Ligurian War (238-233 BC)

The Ligurian War (238-233 BC) saw the Romans win a series of victories over the tribes of the mountainous north-west of Italy, but fail to establish any lasting control over the area.

The Ligurians were an Italic people, who had been forced into the mountains of north-western Italy by the entry of the Gauls into the Po valley. In later years this area would be of great significance as it controlled the coastal route between Italy and southern Gaul, but at this early date the Romans had no foothold in that area, so the route was of less interest. The Ligurians had some contacts with the Carthaginians, who until recently had controlled nearby Corsica, and they had been providing mercenaries to Carthage for at least two centuries

In the aftermath of the First Punic War both Sardinia and Corsica had been left in Carthaginian hands, but they had both then been lost when their mercenary garrisons rebelled (Mercenary or Truceless War). However on Sardinia the garrison had then been expelled by the islanders, leaving the island briefly independent. In 238 the Roman Senate decided to occupy the islands and it was this campaign that brought them into conflict with the Ligurians, presumably because some of the Carthaginian mercenaries were from that area.

In 238 the Romans sent an army under the consul Ti. Sempronius Gracchus to occupy Sardinia. Nothing is recorded of his activities on the island, but after his campaign there Gracchus took his army across to the mainland, where he was recorded as defeating the Ligurians in battle.

There is no record of any conflict in 237.

The relatively low importance of this conflict is shown in 236, when the consul P. Cornelius Lentulus Caudinius only moved to the area after the end of the Boian War (238-236 BC). This war had ended when the Gallic alliance fell apart and the former allies fought each other, suffering heavy enough losses to force the Boii to surrender some of their territory. This left Lentulus with an army and no opponent, and he took it to Liguria, where he was recorded to have beaten off an attack and captured a number of unnamed fortresses.

235 was a quiet year, but in 234 the Romans had to send armies to Corsica, Liguria and Sardinia in response to a series of revolts that may have been encouraged by the Carthaginians. The Consul Lucius Postumius Albinus was sent to Liguria, the Consul Sp. Carvilius Maximus was sent to Corsica and the Praetor P. Cornelius was sent to Sardinia. Cornelius died of disease on Sardinia. Carvilius put down the revolt on Corsica, winning a triumph, and then moved to Sardinia, where he won another victory although the island revolted after he left. Nothing is known about Albinus’s activities in Liguria, but he wasn’t awarded a triumph, suggesting that he didn’t achieve much.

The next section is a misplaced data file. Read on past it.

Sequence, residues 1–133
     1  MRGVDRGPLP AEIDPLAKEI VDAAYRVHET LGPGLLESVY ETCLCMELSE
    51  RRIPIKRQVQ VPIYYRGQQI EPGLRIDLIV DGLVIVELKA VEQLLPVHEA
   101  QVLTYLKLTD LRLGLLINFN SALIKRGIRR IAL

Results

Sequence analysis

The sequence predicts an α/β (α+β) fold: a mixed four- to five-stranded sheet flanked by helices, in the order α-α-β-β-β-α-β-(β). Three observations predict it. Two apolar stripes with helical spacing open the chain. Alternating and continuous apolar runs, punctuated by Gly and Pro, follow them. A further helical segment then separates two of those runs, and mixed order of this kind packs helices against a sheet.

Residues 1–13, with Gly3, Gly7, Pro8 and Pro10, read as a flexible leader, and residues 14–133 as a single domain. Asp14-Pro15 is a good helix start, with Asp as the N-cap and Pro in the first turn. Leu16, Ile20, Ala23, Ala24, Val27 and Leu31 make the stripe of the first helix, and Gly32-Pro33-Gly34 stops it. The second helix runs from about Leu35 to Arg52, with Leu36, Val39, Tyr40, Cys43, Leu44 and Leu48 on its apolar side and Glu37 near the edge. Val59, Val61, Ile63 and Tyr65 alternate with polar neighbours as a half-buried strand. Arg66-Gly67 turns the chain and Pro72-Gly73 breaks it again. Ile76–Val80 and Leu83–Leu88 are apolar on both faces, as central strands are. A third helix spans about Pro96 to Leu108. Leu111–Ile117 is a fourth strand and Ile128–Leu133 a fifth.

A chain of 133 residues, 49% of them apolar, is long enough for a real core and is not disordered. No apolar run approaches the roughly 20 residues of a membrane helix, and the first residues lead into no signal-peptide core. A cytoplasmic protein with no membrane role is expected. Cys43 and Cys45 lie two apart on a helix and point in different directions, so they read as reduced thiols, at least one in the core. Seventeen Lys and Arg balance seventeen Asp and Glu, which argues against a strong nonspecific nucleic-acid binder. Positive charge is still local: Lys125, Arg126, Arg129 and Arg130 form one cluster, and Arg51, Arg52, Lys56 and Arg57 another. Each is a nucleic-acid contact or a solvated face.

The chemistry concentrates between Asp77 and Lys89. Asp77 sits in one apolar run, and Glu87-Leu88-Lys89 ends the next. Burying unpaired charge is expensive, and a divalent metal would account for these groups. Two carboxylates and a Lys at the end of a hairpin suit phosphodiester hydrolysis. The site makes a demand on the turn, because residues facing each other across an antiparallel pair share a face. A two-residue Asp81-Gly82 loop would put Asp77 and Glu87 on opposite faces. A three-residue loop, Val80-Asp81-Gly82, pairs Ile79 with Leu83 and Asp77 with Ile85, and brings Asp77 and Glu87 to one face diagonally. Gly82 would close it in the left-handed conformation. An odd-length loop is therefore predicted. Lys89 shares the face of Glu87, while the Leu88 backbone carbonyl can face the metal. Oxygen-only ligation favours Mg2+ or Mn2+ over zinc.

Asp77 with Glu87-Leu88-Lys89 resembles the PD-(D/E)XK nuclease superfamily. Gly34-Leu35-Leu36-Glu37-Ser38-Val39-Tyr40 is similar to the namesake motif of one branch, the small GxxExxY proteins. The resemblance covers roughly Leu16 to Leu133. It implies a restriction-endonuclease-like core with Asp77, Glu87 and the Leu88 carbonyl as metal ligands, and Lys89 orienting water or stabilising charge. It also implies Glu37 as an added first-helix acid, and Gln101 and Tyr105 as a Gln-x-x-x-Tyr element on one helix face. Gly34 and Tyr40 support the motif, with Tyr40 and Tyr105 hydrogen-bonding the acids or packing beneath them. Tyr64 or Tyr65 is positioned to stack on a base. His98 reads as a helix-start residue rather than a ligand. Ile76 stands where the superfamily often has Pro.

The fighting continued in 233 BC. This time the Romans sent the consul Q. Fabius Maximus, who was then serving as consul for the first time, but would go on to hold the post five times and help save Rome during the Second Punic War. According to Plutarch the Ligurians had been raiding nearby parts of Italy, but suffered a heavy defeat in battle against Fabius and retreated into their mountain fastnesses. This appears to have ended the raids, and Fabius was awarded a triumph.

Although this was the last fighting in the area for some time, it is clear that the Romans hadn’t established any real control of Liguria. The consuls for 230 BC were sent to Liguria but before they arrived had to be sent east to deal with a new threat from the Boii. This area would be of concern to the Romans for the next fifty years.

Rome Spreads Her Wings - Territorial Expansion between the Punic Wars, Gareth C. Sampson. Focuses on Rome's other wars in the period of the first two Punic Wars, including the first expansion east across the Adriatic into Greece and the Balkans and the conquest of Gallic northern Italy. This is a difficult period, with limited sources as ancient authors either concentrated on the more glamorous wars against Carthage, or have been lost to us. Sampson does a good job of guiding us through the difficult sources for this period, often providing alternative versions of key events, complete with their supporting sources. A useful book that helps fill a gap in the military history of Rome [read full review]
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How to cite this article: Rickard, J (17 October 2022), Ligurian War (238-233 BC) ,

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